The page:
Once you’ve developed your RFP, it’s time to work through the steps of evaluating RFP responses, handling product demonstrations and making your final selection.

Your Selection Timeframe

From the time you kick off your project to the time you’ve made your final selection, you can expect to spend between four to six months. Yes, you can accelerate that timeframe but doing so is risky. People who try to rush things usually miss requirements and then they’re locked into a multi-year contract they didn’t fully understand or that doesn’t take into account their specific LMS needs.

It takes time to get everybody on board with the selection decision. Plus, there’s a benefit: by getting buy-in from a group of people, there’s more momentum to carry the project forward, even as specific individuals leave the company and new staff members join. And the likelihood that the software will work cross-functionally is greater, since more points of view will have gone into decision-making.

On the other hand, you don’t want to drag the selection process out too long or allow deadlines to slide. The complexion of the project team could change dramatically, and there’s a risk that you could end up plowing a lot of effort into a decision that never gets made. Technology changes, and the longer you wait from the time you’ve defined your requirements to the time you make your decision, the more likely specific features may become outdated. In the meantime, your company probably won’t have made any progress toward the goals for which you wanted the LMS in the first place.

How to Evaluate Proposal Responses

Not everybody invited to participate in the RFP will do so. There are all kinds of reasons companies don’t. They may decide their LMS technology isn’t appropriate for the goals you’ve set. Or they may believe you already have another solution picked out and you’re just going through the motions of the RFP process to show you’re following the rules.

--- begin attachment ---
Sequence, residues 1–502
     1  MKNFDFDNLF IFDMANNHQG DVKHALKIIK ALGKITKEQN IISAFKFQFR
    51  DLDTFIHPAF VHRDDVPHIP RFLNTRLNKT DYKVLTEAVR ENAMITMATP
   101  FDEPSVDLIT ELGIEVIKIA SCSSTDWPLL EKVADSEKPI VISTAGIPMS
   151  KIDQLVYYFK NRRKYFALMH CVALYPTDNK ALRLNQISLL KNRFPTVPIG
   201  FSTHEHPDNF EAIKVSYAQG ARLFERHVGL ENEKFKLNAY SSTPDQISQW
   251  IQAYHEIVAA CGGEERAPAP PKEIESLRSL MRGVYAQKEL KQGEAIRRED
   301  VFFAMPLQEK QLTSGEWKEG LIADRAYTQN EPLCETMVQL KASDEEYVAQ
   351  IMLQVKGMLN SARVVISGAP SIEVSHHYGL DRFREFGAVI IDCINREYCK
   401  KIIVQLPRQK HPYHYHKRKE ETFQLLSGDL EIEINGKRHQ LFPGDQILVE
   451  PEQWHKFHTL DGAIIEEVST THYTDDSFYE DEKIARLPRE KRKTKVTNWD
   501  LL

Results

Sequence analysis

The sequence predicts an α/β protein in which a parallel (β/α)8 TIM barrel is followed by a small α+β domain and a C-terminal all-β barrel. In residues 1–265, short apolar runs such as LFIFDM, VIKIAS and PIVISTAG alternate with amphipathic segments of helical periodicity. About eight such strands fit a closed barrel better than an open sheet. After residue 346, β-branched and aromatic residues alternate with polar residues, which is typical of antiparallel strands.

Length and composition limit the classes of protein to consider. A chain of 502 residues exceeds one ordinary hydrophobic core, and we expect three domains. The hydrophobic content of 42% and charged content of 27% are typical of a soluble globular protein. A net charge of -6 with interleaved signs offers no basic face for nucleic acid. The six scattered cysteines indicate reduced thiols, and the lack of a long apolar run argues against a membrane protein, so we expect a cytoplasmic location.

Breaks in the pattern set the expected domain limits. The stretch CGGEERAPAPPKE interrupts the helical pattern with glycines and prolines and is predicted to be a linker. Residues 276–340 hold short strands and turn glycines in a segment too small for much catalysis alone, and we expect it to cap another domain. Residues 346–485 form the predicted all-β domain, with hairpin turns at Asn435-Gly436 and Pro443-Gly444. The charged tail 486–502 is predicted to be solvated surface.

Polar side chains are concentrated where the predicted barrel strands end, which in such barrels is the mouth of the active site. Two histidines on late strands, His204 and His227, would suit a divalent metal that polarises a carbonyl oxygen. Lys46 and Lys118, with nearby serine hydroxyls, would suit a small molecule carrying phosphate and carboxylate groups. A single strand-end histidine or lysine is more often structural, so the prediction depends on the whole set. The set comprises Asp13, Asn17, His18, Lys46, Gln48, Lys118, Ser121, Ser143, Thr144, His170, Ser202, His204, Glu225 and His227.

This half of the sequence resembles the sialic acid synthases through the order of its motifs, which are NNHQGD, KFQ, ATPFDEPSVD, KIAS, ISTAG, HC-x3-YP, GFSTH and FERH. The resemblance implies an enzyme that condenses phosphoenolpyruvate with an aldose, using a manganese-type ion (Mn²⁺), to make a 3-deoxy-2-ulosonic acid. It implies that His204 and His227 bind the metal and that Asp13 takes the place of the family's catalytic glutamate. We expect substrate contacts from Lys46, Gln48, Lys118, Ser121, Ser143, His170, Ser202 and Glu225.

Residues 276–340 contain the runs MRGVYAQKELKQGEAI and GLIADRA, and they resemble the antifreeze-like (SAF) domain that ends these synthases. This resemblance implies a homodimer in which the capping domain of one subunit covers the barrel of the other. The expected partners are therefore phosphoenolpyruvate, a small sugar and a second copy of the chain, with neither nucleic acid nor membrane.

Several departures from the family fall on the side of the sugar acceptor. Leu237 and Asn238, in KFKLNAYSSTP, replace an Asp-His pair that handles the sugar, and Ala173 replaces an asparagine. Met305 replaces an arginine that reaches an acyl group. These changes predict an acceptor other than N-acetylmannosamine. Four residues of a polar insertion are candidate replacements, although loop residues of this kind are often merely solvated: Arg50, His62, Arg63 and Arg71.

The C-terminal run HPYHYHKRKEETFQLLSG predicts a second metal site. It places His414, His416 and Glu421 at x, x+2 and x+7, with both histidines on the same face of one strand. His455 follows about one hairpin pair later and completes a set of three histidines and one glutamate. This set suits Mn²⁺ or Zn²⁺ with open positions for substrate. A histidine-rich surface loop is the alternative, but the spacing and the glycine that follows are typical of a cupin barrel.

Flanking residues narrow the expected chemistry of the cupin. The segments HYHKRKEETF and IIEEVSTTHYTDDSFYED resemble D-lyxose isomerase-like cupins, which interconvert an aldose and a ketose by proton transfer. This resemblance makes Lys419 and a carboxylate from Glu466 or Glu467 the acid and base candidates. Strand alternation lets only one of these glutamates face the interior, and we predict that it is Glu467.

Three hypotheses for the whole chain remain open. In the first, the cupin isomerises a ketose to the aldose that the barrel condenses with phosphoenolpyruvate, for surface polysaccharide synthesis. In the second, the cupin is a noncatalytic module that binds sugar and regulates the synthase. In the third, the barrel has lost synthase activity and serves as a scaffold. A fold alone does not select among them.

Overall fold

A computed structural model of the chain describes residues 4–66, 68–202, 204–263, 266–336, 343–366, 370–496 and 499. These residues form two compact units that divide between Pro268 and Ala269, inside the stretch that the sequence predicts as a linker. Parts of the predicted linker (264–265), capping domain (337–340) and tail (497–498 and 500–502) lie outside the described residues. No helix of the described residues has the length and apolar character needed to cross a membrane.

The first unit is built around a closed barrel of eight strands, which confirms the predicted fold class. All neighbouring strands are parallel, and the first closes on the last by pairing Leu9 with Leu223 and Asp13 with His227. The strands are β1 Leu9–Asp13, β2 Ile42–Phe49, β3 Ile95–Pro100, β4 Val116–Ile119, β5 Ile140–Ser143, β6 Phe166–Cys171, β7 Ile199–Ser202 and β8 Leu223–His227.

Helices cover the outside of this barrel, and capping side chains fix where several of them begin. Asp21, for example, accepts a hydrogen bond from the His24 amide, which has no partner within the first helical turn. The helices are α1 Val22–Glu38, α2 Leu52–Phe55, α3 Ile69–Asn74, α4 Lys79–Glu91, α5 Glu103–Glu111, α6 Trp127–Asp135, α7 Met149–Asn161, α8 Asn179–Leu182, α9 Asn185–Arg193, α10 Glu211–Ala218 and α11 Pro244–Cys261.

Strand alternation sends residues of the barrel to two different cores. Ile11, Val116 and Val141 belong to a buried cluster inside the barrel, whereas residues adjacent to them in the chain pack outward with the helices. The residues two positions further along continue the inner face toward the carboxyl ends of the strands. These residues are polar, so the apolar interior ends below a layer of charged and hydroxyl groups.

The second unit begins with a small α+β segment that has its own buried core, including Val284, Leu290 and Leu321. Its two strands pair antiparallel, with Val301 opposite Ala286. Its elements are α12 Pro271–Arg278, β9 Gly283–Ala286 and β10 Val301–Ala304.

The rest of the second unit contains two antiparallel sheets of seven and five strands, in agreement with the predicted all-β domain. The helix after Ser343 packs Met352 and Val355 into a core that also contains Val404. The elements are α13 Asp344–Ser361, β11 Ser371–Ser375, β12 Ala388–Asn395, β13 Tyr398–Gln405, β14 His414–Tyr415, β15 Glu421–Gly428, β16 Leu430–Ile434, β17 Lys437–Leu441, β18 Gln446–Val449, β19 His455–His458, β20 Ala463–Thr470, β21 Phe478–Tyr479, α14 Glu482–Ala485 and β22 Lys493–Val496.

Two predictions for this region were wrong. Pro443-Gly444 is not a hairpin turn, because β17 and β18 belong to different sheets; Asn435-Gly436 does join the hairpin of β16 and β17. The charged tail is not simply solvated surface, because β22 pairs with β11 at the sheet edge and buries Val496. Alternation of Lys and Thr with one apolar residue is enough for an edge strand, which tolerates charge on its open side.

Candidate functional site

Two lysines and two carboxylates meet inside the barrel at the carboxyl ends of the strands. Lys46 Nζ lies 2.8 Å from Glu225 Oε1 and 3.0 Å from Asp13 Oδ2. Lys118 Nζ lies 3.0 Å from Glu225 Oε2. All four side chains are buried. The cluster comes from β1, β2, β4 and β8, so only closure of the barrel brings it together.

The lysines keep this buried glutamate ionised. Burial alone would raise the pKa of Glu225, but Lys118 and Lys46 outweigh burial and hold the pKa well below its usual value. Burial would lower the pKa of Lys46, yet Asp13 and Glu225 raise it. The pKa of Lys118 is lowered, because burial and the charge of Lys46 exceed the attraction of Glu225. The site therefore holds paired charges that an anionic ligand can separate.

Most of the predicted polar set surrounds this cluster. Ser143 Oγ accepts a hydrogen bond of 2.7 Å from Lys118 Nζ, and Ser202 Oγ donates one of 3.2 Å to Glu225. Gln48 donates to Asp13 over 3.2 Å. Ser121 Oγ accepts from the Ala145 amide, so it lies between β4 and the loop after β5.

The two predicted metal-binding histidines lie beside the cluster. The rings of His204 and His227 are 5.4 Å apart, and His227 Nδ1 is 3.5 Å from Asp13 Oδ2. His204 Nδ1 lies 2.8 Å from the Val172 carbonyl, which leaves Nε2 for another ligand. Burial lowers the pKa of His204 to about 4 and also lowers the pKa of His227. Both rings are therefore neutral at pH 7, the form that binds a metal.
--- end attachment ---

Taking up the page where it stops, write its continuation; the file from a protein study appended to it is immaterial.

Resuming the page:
But for all of the RFP responses you do get, a small team of people needs to sit down and go through each to make sure your must-have requirements have been addressed. That’s why it’s important in the RFP to highlight those. You don’t want vendors overlooking them. And you want the people doing the assessment on your end to know exactly what they’re looking for. Then, have the team go through the list of nice-to have features.

Using the various categories of your RFP, you can create a rubric or scoring sheet to use during this and the demonstration phase of the selection process.

You can either use a weighting system or, for simplicity’s sake, give each must-have function a value of, say, 10 points, and a nice-to-have feature a value of one point. Doing so helps to ensure that a bunch of unneeded bells and whistles won’t by their sheer numbers overwhelm the evaluation process.

By tallying the various scores—paying particular attention to those essential requirements—you should be able to whittle down the pile of RFP responses from a long list to a short list. The companies still in the running are the ones from which you’ll request demonstrations.

What about an RFI?

Government agencies will often put out a Request for Information (RFI) to help them identify industry-caliber features. You can try the same. This serves as a shortcut to developing an RFP on your own, having to use a generic RFP form you’ve downloaded from the internet or having to hire a consultant to manage this process. The RFI does not commit your organization to any deal, and it can inform your eventual RFP greatly.

Demo Essentials

What’s involved in a demonstration? I have participated in hundreds of them for my LMS company, and I recommend having two components on hand:

  • Copies of a fresh version of the scoring sheet or rubric, which is handed out to every person sitting in on the demo and includes room for notes; and
  • A script that’s use case-focused.